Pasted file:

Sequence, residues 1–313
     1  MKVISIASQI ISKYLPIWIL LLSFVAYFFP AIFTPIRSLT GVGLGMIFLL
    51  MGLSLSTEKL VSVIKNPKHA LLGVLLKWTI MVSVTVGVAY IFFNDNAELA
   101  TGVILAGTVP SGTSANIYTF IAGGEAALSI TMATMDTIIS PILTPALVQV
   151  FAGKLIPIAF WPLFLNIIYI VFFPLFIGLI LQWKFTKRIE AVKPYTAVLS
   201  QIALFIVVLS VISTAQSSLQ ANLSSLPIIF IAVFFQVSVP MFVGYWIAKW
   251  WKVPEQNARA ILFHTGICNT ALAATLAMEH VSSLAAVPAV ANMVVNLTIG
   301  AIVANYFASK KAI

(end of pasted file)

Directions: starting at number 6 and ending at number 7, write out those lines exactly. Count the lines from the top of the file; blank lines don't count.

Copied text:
   201  QIALFIVVLS VISTAQSSLQ ANLSSLPIIF IAVFFQVSVP MFVGYWIAKW
   251  WKVPEQNARA ILFHTGICNT ALAATLAMEH VSSLAAVPAV ANMVVNLTIG